A bank and the entrance (flanked by redundant Petrol pumps) of Lister’s Factory led onto Walker’s Bakery. To me it was a cake shop, selling for 4d, the best custard tarts on the planet. I believe that Eli Evens may have been a grocer’s, but I do know that he also sold sweets!
Harry Morley on the other hand sold everything else. If the Wotton-under-Edge & Dursley Building Society ever did sell buildings, I never heard about it!
Mr Taylor, Bicycle Repair’s, not only sold and repaired bikes, he also ran yet another coach company, parking the vehicles near his house at Potters Pond. Another chemist almost completed the shops on Long Street. There was also a dull, dilapidated ironmongers with a fretwork model of what may have been Hawkesbury Monument sitting in the window. A huge kettle hanging high on
Harold Morley with everything
W.H. Thomas on one side and the Chip Shop on the other
the outside wall advertised the shop’s wares, as did the coats and hats in the window of the Gentleman’s Outfitter’s on the corner of Church St. All of my school clothing, including shoes came from W.H. Thomas. Mum always thought ahead, so the Duffel Coat that she bought for me when I was eleven and due to start at the secondary school, had sleeves that were still too long when I left four years later!
The grocery store run by Oliver Mills next door to Thomas’ will always haunt me, because it was here, standing eye level with the countertop that I made my first ever purchase ALONE! A few minutes earlier, while we were halfway down Ludgate Hill on our way home, Mum realised that she had forgotten to buy soap. I volunteered to rush to the rescue. In those days, I could and did, run back up the Hill. Money was not an issue. Everything that Mum bought during the week from Mr Mills went into ‘the book’ so I did not need a mitten to carry any loose change. I waited my turn, staring up at the sides of bacon hanging down from the ceiling above the gleaming hand operated slicer! ‘And what can I get you young man?’ Craning my neck, I answered, ‘Mum wants soap, please.’ My expectant smile withered when he asked, ‘What kind of soap, toilet or washing?’ Well, I knew that Mum used Domestos to clean the toilet, because we could get 2d back on the empty bottles, so knowing that soap to clean the toilet was not needed, I opted for ‘washing’. Rushing home clutching a block of green Fairy, I was expecting mountains of praise as I charged in through the back door! Unfortunately, she wanted Lifebuoy or Imperial Leather! Looking back, I think that was my first lesson on what it is like to be a man; not crying when you can’t guess what a woman is thinking and getting blamed for it!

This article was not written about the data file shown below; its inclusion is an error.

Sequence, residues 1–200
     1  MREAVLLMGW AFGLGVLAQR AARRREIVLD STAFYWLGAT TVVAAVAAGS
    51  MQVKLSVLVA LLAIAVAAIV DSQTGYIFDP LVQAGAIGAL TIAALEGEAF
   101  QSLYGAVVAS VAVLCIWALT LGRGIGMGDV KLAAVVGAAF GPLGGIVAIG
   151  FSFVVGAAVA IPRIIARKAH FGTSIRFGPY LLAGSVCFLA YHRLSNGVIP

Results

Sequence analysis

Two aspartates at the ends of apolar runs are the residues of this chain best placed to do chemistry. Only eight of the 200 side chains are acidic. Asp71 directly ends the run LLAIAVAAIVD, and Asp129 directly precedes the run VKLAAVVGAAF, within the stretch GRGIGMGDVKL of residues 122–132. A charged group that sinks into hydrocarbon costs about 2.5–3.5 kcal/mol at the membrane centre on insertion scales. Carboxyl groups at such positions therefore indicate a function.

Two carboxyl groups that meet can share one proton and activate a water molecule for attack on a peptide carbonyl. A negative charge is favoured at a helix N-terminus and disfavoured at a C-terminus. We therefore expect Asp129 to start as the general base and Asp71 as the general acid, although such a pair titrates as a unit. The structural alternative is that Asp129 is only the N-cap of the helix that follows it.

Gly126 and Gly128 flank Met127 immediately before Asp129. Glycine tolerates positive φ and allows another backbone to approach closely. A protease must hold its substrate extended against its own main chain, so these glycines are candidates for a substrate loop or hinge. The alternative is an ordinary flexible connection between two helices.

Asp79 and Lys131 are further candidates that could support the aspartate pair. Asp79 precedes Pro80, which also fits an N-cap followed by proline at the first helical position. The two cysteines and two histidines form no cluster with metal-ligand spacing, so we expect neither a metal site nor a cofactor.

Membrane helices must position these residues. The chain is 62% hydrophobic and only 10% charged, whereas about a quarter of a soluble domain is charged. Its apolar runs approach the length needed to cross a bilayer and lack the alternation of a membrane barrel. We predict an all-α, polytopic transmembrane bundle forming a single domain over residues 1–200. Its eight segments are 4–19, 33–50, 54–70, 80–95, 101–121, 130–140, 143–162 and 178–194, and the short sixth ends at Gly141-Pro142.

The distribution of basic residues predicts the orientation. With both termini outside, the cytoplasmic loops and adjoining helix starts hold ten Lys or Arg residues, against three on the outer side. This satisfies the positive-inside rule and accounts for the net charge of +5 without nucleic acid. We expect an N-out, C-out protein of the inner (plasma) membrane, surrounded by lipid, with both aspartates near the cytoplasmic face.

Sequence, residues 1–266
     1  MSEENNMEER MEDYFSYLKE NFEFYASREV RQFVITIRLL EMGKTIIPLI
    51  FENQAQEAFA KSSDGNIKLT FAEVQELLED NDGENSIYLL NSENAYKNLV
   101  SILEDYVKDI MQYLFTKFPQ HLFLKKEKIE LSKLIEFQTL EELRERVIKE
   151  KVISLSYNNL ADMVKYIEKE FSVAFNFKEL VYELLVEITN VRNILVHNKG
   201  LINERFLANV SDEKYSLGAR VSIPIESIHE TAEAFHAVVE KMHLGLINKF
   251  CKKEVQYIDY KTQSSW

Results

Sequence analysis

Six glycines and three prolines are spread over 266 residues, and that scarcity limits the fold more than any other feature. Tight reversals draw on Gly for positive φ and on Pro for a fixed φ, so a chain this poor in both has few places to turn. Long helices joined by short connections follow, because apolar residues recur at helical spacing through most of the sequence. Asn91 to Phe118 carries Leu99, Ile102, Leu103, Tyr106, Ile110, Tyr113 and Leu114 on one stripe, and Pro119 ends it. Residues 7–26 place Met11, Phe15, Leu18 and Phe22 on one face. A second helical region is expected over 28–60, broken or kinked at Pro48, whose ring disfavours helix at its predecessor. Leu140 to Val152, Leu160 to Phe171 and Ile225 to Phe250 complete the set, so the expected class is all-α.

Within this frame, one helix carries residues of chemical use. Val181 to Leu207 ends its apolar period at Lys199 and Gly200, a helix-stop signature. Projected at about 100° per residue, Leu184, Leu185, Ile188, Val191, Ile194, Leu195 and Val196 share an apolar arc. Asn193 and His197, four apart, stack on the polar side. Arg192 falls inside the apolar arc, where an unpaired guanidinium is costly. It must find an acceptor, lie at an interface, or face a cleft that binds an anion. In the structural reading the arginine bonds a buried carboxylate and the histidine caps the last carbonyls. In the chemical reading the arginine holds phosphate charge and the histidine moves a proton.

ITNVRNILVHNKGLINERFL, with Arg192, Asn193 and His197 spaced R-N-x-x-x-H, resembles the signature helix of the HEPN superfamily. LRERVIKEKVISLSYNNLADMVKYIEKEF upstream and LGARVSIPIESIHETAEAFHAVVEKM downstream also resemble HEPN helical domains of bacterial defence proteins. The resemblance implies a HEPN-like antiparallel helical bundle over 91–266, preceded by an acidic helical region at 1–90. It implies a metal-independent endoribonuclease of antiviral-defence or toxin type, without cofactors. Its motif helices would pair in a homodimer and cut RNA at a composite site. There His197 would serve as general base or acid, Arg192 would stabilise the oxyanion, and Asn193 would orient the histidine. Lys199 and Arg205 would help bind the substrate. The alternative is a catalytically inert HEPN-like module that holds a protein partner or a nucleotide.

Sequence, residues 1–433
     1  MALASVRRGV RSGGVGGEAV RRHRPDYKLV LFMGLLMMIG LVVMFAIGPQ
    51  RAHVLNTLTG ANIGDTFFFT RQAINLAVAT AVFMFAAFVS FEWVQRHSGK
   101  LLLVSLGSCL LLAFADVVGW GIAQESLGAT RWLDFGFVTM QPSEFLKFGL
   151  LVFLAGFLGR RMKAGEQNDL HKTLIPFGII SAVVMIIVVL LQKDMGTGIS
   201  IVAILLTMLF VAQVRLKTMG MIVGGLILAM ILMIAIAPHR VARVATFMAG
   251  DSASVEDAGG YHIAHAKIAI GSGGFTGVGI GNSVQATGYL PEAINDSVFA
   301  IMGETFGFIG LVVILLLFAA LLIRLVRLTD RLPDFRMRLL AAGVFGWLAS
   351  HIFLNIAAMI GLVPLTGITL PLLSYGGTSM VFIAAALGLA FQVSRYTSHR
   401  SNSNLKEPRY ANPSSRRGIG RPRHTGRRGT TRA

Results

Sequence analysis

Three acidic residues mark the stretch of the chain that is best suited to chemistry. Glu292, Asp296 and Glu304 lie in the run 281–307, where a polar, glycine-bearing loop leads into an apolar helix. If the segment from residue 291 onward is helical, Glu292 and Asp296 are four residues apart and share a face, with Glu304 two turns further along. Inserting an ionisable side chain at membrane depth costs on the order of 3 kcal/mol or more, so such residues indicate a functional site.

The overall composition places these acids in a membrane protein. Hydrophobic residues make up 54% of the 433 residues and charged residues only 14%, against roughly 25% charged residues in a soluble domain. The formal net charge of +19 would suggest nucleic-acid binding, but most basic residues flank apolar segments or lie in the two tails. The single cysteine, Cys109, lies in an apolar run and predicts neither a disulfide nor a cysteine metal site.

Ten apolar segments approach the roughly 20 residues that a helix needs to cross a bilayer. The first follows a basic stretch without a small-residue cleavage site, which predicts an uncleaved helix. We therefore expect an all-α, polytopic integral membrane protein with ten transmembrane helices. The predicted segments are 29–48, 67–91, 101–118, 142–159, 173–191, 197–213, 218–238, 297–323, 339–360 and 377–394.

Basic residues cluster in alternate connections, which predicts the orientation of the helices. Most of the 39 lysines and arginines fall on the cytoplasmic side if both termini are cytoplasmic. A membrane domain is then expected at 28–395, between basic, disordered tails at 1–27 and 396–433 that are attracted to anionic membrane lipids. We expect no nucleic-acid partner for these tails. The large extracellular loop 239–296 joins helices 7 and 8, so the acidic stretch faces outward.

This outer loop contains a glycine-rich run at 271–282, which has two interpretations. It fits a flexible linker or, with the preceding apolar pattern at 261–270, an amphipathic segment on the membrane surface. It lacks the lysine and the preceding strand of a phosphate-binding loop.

Church Street also contained a butcher’s (again run by the Richings family), and a haberdasher’s. The man in this shop did not wear a smock, but he did have enormous ear lobes! I could never take my eyes off them; they were the size of marbles. To give him his due, he always gave me the small cardboard boxes that his reels of cotton came in for displaying my bird egg’s collection.
Silvey’s a coal merchant and an agent for the gas company, where you could pay your gas bills was next. This was followed by a grocer’s shop run by Claude Evans and his wife, though she spent most of her time serving in the off license next door. Later, these had a doorway knocked through so that either of them could keep an eye on both establishments. Another grocery store finished off the run of shops on this street. Run by Mr Organ, wearing a grey smock to show supremacy over the rest of his staff who wore brown, this shop also sold pet food, including the mixed corn for Dad’s pigeons.